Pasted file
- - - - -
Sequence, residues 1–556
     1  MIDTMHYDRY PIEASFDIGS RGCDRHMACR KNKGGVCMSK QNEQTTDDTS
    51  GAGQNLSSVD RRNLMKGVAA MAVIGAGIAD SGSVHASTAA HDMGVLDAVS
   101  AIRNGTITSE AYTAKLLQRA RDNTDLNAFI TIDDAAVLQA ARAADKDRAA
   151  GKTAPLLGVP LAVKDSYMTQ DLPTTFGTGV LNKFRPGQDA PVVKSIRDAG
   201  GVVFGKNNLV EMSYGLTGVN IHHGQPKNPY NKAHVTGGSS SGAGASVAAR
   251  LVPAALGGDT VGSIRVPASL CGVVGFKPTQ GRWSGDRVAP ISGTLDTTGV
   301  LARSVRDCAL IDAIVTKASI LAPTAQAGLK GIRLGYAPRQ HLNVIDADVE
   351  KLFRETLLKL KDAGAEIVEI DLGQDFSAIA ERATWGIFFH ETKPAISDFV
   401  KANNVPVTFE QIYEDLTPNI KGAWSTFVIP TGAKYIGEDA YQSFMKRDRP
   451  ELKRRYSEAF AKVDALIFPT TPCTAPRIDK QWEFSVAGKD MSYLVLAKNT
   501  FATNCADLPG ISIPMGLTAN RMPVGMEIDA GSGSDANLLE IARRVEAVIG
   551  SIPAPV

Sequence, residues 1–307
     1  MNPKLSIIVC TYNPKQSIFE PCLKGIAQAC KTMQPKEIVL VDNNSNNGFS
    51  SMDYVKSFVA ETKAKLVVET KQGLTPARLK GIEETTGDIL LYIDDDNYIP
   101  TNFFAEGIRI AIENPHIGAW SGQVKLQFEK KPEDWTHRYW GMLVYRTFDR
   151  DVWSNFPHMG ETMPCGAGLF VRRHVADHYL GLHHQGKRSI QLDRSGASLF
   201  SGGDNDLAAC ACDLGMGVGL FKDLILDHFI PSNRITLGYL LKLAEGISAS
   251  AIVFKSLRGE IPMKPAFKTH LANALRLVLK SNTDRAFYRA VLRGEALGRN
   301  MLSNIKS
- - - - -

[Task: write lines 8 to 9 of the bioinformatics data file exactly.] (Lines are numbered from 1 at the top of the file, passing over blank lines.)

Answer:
   301  LARSVRDCAL IDAIVTKASI LAPTAQAGLK GIRLGYAPRQ HLNVIDADVE
   351  KLFRETLLKL KDAGAEIVEI DLGQDFSAIA ERATWGIFFH ETKPAISDFV